HM Treasury has, these many years, demonstrated that it is highly effective at controlling public spending. It has, relatively recently, turned its focus towards a renewed drive to improve value for money. There have been positive developments in this direction, not least the Barber review, the provision of specialist advisers to the spending teams and more. Likewise, the Cabinet Office has been working to improve the maturity of business planning across departments.
However, there are occasions when we see value for money being compromised by the needs of short-term spending control. Unrealistic, over-optimistic budgets are kept within the spending envelope by short-term unplanned cuts, which can damage long-term programmes and drive suppliers to distraction.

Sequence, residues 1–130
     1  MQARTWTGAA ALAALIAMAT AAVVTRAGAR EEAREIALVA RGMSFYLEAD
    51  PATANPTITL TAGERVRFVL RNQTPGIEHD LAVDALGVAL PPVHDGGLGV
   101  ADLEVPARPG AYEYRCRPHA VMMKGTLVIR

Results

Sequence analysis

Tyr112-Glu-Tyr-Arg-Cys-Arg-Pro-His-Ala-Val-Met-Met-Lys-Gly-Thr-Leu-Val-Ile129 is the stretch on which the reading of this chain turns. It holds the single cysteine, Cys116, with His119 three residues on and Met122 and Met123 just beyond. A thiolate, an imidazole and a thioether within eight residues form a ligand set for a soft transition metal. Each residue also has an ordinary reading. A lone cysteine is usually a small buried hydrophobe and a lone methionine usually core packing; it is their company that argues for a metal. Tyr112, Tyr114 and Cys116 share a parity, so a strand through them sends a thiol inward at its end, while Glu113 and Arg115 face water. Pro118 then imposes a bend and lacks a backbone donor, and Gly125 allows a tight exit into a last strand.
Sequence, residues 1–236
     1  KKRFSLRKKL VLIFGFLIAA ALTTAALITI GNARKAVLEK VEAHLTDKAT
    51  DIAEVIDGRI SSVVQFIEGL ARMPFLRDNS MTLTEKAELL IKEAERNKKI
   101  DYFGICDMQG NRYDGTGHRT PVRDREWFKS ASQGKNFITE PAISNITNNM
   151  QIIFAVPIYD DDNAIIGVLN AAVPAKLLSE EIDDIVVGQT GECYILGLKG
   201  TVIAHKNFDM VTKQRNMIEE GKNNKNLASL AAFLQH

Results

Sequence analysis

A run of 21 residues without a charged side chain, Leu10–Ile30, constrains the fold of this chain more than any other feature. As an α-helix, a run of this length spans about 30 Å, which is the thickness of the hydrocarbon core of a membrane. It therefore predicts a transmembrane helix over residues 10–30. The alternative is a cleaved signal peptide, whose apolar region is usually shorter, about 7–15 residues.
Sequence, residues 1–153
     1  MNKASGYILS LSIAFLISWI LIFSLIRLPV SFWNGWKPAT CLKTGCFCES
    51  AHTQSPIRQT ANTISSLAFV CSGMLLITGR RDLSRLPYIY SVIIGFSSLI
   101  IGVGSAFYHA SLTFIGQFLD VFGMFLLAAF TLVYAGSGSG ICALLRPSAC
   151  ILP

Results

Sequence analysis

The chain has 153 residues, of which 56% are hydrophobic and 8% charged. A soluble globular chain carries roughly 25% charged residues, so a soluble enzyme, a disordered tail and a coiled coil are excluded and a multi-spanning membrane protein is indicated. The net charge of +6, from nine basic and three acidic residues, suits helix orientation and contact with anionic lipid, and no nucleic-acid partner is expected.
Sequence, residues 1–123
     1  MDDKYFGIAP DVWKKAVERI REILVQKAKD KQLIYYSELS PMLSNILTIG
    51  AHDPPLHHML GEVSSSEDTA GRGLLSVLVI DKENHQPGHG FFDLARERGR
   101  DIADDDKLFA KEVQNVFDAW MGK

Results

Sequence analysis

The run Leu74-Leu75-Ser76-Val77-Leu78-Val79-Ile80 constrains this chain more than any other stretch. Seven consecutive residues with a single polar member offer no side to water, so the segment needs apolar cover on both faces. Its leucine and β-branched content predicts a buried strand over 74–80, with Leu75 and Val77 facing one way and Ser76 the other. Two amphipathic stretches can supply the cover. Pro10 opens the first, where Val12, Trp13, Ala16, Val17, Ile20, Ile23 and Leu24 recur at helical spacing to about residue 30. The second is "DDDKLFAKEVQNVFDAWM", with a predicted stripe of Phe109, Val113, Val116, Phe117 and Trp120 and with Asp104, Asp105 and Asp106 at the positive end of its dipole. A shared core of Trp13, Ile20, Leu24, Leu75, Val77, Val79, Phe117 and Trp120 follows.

All this turbulence can only be minimised by integrated medium- and short-term planning activity, strongly policed and challenged for realism and deliverability by the HM Treasury spending teams, and supported by the Cabinet Office and the civil service functions. This may require different skills and a significant change in mind-set both at the centre of government and in departments. Without these changes, government will continue to be trapped in a cycle of short-termism, over-optimism and silo decision-making, which creates real risks to value for money.
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